Right now, though, if you walk down to your local game store, you’ll find an entire sub-genre of sleeper titles that are all worth your money. Beyond Good and Evil, Billy Hatcher, Viewtiful Joe, Prince of Persia, I-Ninja, WarioWare, Goblin Commander, and a trove of other games headline a list of really original games. The price tag on just the games listed is around 400 bucks. Who has the cash for that much original gaming when there are new Final Fantasy games, new Sonic games and so on to deal with? We have to pick our battles, and when I’ve got fifty bucks to drop on a game I don’t have the time to boycott Solid Snake just to pick up the latest awesome sleeper.
With that said, I still make a point to play as many of them as I can. I still remember when Tony Hawk’s Pro Skater came out and I was an early adopter. It was great, there was a whole new style of game to play and I loved it. The thing is, I had the time to learn to appreciate this very new style and execution brought to the table by Neversoft. Let me say that again, “I had the time.”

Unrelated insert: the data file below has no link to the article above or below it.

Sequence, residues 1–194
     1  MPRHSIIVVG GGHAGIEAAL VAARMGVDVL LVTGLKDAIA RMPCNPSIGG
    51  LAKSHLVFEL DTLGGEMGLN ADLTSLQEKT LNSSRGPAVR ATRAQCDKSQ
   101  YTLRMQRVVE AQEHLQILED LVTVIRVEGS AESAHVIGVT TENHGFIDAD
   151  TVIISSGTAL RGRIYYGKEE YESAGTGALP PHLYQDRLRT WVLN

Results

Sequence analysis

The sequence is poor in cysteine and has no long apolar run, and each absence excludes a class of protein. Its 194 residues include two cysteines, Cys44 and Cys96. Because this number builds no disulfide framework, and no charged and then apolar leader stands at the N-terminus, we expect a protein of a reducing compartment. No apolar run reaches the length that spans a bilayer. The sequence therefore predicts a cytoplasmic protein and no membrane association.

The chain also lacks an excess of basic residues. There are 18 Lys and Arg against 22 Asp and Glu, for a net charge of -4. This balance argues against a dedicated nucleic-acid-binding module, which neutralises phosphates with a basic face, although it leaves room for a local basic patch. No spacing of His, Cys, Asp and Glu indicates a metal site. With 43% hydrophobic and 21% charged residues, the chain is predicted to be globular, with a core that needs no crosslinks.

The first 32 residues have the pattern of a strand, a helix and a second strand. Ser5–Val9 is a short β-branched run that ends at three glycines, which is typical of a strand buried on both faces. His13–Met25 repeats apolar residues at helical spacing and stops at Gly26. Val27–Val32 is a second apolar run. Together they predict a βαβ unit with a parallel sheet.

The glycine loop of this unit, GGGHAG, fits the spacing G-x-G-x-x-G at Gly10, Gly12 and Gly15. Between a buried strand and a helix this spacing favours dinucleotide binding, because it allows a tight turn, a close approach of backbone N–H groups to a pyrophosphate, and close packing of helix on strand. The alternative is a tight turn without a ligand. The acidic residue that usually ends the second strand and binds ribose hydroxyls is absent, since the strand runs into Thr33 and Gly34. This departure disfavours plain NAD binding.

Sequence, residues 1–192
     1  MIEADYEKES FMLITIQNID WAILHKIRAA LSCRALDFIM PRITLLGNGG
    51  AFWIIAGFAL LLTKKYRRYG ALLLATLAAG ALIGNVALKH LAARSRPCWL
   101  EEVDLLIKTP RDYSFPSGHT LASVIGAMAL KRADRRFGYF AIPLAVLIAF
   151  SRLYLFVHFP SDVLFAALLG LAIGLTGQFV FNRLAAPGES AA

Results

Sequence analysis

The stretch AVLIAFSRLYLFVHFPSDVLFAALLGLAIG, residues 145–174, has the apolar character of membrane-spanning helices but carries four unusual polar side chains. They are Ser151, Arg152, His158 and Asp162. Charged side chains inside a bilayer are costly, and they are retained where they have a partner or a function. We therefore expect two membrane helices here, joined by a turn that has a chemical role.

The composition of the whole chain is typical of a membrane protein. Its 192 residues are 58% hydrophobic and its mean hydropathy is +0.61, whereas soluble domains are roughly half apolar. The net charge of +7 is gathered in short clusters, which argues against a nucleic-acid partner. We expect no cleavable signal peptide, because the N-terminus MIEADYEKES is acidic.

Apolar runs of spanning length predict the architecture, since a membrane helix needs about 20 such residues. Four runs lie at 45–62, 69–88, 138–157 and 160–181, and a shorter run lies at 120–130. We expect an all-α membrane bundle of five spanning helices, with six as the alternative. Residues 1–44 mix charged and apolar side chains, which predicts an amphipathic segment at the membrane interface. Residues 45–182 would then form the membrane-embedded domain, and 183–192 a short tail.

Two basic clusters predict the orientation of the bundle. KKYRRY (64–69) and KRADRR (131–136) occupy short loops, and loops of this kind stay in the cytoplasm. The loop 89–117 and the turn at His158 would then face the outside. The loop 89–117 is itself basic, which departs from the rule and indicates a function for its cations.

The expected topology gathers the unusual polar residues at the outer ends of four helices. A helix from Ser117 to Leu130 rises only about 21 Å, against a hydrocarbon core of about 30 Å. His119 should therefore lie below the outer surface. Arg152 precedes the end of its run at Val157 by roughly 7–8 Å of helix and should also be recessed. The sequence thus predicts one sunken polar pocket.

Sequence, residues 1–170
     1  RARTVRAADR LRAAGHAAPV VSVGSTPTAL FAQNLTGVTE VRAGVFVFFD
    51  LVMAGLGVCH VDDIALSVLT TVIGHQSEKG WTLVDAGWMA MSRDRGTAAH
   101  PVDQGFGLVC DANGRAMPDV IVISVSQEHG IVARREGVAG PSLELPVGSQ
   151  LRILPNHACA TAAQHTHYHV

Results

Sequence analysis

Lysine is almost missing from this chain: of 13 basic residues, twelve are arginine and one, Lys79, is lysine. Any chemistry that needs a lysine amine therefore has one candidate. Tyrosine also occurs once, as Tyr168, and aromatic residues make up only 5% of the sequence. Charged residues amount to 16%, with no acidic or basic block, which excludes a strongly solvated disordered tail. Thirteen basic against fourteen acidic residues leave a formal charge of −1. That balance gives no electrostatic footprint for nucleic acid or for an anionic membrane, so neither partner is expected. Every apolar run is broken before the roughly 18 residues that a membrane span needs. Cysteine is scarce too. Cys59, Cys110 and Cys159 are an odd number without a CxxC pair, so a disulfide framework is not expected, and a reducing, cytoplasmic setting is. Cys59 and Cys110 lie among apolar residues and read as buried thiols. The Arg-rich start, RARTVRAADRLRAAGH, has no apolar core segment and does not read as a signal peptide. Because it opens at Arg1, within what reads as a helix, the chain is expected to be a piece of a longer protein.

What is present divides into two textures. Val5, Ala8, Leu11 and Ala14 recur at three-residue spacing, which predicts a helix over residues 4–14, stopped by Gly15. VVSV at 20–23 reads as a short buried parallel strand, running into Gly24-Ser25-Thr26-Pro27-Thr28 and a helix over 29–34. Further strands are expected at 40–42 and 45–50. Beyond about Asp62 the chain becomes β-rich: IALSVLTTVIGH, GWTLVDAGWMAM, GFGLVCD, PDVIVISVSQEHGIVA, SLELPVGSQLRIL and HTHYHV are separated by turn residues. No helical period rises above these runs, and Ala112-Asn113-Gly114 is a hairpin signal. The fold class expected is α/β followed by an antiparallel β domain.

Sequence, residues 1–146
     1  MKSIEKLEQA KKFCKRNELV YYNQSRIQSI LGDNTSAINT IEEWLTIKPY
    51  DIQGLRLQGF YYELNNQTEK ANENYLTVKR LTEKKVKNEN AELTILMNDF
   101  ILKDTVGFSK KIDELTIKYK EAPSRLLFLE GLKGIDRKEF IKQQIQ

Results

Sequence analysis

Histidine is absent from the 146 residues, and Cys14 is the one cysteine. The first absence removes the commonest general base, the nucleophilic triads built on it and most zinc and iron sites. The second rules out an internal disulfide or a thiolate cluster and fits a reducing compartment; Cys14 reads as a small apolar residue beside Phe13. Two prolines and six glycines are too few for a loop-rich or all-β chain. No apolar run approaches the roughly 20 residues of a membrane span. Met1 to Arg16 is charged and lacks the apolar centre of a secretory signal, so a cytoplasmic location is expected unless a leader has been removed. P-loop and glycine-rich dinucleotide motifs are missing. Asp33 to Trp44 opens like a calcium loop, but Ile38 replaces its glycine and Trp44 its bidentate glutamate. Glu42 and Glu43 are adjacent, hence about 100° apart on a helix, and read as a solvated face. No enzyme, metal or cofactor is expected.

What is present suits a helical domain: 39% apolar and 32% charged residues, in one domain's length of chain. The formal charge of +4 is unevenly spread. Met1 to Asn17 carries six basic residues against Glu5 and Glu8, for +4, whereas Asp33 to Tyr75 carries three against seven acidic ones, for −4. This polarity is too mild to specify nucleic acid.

These days we’re getting a lot more great new ideas, but we’re not getting the time to appreciate them and cultivate a desire for them because as one arrives, another must depart. There was a day when I wanted nothing more than to sit down and spend five straight hours with a good game of Final Fantasy, or Chrono Trigger, or you name it. These days, if I even have the time to play games for five hours, I hardly want to spend them all on one game that challenges me to learn new things. I know that seems very banal, but it’s true, and I doubt I’m the only one.
Do I applaud, respect and enjoy the fact that someone had the guts to make a great title like Goblin Commander? Hell yeah I do. Do I want to learn to play it when I could jump right into a quick game of ESPN NBA Basketball or Tony Hawk’s Underground? To be honest, the answer is no. I have limited time, and I want to make sure I enjoy what I’m doing in that limited time.